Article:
For ten days, from December 21, 2015 through January 1, 2016, I was part of a trip to Israel, specifically for young adults with autism. Though all of us on the trip were adults on the spectrum, we did not define ourselves or our trip in terms of autism.
By Geo Gosling
I was riding my bicycle down a steep hill at dusk on September 15, 1995. A woman driving up the hill, who probably didn’t see me (at least I don’t think she was trying to kill me), and quickly turned left directly in front of me. You’ll never guess what happened next, so I’ll tell you. I hit her truck…hard. It was the definition of a “T-Bone Collision.” I flew over the truck, well…as best I could without wings, and landed on the paved road. I was wearing a helmet and that is the main reason I was not immediately “Dead On Arrival”.
I suffered a severe traumatic brain injury (TBI) and I fractured my C4, C5, and C6 cervical vertebrae. Or, maybe it was C6, C7, and C8. I’m not quite sure at the moment. Whichever it was, I had technically broken my neck. I get a kick out of telling people that, because a broken neck is much more universally known as a debilitating injury compared to a TBI. I also had a lot of other broken bones, my right thigh was ripped open, I even had a few scratches and a bruise or two. I was never technically in a coma.
After spending 3+ months in the hospital, I was released on December 23, 1995 and had to move back in with my parents. I may have been technically an adult, but I was essentially a very large newborn who did not know to take care of himself – I had forgotten how to do so. I physically couldn’t take care of myself even if I did remember. So, I spent a year or two at home basically re-learning to live. I had to let everyone help me with everything.
Therapy is a vital component to your TBI recovery. Do your therapy! Do it whether it is physical, occupational, speech or whatever. Nike says it best: Just Do It.
I could barely walk, my balance was not too good and I was in a wheelchair for a year or two. I certainly couldn’t drive myself to my doctor and therapy appointments. It’s important to note that if you’ve suffered a TBI, the law requires the DMV to be notified and they subsequently revoked my Driver’s License. I spent a lot of time going to therapy – which I had to be driven to – and I spent even more time doing my therapy at home. Therapy is a vital component to your TBI recovery. Do your therapy! Do it whether it is physical, occupational, speech or whatever. Nike says it best: Just Do It. To this day, I still go to therapy. It’s just massage therapy, but it is therapy nonetheless. My muscles don’t relax like they should and a massage really helps them feel better.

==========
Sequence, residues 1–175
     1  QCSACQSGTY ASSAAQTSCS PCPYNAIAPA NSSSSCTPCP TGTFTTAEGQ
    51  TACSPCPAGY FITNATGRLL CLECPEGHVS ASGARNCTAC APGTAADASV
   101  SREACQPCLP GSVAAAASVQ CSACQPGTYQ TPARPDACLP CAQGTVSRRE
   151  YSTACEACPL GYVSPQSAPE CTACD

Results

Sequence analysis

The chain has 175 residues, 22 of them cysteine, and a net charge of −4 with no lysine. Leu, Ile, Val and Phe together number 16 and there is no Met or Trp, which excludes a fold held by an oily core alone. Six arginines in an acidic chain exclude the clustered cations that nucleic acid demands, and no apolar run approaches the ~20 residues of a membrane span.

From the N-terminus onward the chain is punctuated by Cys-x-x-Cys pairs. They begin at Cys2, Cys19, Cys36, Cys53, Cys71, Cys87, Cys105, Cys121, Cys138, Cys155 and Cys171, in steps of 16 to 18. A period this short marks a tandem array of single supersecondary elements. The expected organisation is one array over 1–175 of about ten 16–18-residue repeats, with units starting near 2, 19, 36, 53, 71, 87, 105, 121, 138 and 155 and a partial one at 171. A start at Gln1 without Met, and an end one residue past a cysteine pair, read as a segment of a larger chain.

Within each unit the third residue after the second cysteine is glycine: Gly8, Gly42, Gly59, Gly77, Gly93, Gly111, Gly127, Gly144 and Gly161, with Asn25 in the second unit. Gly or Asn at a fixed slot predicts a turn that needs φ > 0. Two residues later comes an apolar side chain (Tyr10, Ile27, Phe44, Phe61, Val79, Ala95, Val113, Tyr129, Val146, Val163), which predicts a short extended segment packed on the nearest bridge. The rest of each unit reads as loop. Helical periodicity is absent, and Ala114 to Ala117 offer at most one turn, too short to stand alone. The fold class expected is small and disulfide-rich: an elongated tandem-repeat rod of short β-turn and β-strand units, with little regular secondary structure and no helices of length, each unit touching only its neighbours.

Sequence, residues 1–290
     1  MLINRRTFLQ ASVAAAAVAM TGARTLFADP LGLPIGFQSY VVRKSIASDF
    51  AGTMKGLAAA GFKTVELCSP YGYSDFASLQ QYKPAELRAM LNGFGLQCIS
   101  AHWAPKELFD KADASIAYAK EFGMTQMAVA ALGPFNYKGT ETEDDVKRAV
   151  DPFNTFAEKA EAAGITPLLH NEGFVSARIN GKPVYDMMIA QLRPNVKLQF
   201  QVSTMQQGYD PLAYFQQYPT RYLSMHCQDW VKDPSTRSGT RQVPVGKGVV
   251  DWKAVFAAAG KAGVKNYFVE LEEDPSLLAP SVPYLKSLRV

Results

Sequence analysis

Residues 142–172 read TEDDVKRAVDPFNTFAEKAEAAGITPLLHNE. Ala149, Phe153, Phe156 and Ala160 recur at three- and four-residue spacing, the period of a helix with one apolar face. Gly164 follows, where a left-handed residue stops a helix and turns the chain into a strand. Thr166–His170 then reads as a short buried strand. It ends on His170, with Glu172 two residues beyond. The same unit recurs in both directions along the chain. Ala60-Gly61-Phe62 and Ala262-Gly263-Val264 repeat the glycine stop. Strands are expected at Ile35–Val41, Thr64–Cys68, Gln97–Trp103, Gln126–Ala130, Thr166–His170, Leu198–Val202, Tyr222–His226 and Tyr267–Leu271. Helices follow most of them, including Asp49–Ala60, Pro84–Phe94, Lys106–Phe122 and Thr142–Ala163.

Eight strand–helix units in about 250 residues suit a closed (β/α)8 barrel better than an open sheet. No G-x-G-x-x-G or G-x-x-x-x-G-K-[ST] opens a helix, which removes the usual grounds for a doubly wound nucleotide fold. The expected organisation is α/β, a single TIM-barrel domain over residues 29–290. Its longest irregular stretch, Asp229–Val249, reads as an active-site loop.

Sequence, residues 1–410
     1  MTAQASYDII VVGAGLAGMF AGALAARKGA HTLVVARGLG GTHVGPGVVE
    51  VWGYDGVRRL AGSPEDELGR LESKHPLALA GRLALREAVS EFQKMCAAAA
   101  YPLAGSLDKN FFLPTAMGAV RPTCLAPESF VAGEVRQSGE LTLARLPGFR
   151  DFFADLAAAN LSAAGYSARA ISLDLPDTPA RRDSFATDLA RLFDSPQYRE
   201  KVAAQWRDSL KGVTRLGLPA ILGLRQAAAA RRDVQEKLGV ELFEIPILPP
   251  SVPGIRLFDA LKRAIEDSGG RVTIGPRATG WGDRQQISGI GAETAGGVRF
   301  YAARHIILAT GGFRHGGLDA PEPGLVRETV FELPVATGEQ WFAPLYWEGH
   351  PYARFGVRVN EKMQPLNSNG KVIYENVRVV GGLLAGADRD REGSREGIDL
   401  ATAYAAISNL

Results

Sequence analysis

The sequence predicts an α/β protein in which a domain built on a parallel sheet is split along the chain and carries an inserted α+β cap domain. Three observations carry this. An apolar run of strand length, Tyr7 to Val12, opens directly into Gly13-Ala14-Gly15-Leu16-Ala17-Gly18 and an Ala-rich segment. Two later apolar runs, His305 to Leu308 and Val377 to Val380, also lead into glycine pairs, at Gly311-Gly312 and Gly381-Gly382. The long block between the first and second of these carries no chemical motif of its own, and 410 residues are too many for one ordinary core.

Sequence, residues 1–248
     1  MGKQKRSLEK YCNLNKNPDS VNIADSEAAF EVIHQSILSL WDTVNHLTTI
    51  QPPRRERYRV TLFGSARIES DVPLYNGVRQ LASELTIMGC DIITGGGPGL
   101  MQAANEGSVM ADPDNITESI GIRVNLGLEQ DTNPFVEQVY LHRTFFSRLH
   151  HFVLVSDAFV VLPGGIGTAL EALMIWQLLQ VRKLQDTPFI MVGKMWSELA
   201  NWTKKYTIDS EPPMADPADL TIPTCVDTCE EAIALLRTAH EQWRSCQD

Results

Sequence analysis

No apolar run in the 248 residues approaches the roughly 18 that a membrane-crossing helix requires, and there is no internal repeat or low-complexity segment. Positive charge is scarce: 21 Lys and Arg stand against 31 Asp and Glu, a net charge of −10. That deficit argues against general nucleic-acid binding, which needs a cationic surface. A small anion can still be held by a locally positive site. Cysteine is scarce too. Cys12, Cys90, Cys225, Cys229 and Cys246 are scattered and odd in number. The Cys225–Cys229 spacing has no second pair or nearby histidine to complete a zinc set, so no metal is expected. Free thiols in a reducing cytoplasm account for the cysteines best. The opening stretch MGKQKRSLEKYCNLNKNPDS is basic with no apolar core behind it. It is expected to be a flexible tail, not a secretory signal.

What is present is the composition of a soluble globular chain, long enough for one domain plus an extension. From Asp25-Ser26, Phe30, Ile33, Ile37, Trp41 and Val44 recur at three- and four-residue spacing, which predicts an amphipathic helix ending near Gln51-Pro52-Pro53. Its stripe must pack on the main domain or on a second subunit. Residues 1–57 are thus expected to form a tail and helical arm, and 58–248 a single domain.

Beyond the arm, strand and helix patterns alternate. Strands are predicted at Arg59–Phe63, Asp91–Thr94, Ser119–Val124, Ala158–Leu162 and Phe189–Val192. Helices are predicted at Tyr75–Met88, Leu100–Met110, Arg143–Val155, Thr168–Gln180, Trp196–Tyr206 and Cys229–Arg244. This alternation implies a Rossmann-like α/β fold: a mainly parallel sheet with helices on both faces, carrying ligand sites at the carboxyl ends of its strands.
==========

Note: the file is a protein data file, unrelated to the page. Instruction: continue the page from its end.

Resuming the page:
Another key element is sleep. And I do mean sleep, not just rest. That being said, I would rest before my therapy appointments and take a nap after the visits. I was so tired after any therapy session that I couldn’t stay awake. I often had two, sometimes three, separate therapy sessions a day, so I spent a lot time in the horizontal position. Sleep allows your brain to figure out what it was taught during the just completed therapy session. Even so, I still have sleep issues. I go to bed at 10:30 pm almost every night. However, occasionally I’m really tired and end up going to bed at 7:30 pm. The point is this: if you are tired…go to bed. Your body – and brain – are telling you something, so it’s critical to listen.
I had, and still have, problems falling asleep. I can’t shut my brain “off.” I solved this problem with audiobooks. I listen to a book on cassette or CD every night. Concentrating on the book allows my brain to concentrate on the story being told and not all the “life issues” an injured brain entails. If you have a library nearby, chances are they have a lot of audiobooks. You can download books quite inexpensively from audible.com, amazon.com, or a plethora of other sites. Personally, I like Western stories read by Barry Corbin. I can recite the first few chapters word for word, but I’m not too sure how they end because I fall asleep.
Another essential aspect of living after sustaining a TBI is keeping yourself busy. At first, therapy sessions, the needed rest, figuring how to take care of yourself and basically figuring out how to live again, will keep you thoroughly busy. Eventually however, you’ll get bored and need additional activities.
To combat boredom, first you need to figure out what you can do now. Then, you need to figure out which of those things are enjoyable to you. Finally, you have to actually do it. A key piece of advice: do not be afraid to fail. I couldn’t do anything right the first time, no matter what it was. Another key piece of advice: don’t be afraid to laugh at yourself. Comparing me trying to do something that was easy pre-TBI with me doing the same thing for the first time post-TBI, was like a comedy routine. I won’t go into specifics, but I did a lot of stuff…uh, uniquely. I would do some process or task and it would make total sense to me, but be completely wrong. It’s all part of the learning, or re-learning process for someone who has sustained a TBI.
Geo Gosling has a BS degree in Fermentation Science from UC Davis. He was the cellar master/assistant winemaker at a winery in St. Helena, CA, but then suffered a severe Traumatic Brain Injury (TBI) in 1995. He has written two books about the trials and tribulations of life after the injuries, titled “TBI Hell” and “TBI Purgatory, and has also written a third book, “VD: Vintage Death” which is a novel unrelated to TBI.